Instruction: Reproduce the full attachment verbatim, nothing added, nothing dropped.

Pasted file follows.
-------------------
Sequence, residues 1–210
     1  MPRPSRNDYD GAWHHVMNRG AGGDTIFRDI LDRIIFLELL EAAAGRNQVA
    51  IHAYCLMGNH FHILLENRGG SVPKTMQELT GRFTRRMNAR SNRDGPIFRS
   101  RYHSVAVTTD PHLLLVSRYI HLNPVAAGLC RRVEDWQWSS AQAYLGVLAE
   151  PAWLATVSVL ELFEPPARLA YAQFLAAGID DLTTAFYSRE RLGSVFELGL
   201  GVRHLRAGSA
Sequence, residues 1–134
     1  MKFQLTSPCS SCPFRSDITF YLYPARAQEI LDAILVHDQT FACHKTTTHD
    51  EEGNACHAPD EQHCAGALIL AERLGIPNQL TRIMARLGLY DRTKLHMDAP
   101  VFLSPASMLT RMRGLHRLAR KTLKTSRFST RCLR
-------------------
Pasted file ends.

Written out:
Sequence, residues 1–210
     1  MPRPSRNDYD GAWHHVMNRG AGGDTIFRDI LDRIIFLELL EAAAGRNQVA
    51  IHAYCLMGNH FHILLENRGG SVPKTMQELT GRFTRRMNAR SNRDGPIFRS
   101  RYHSVAVTTD PHLLLVSRYI HLNPVAAGLC RRVEDWQWSS AQAYLGVLAE
   151  PAWLATVSVL ELFEPPARLA YAQFLAAGID DLTTAFYSRE RLGSVFELGL
   201  GVRHLRAGSA
Sequence, residues 1–134
     1  MKFQLTSPCS SCPFRSDITF YLYPARAQEI LDAILVHDQT FACHKTTTHD
    51  EEGNACHAPD EQHCAGALIL AERLGIPNQL TRIMARLGLY DRTKLHMDAP
   101  VFLSPASMLT RMRGLHRLAR KTLKTSRFST RCLR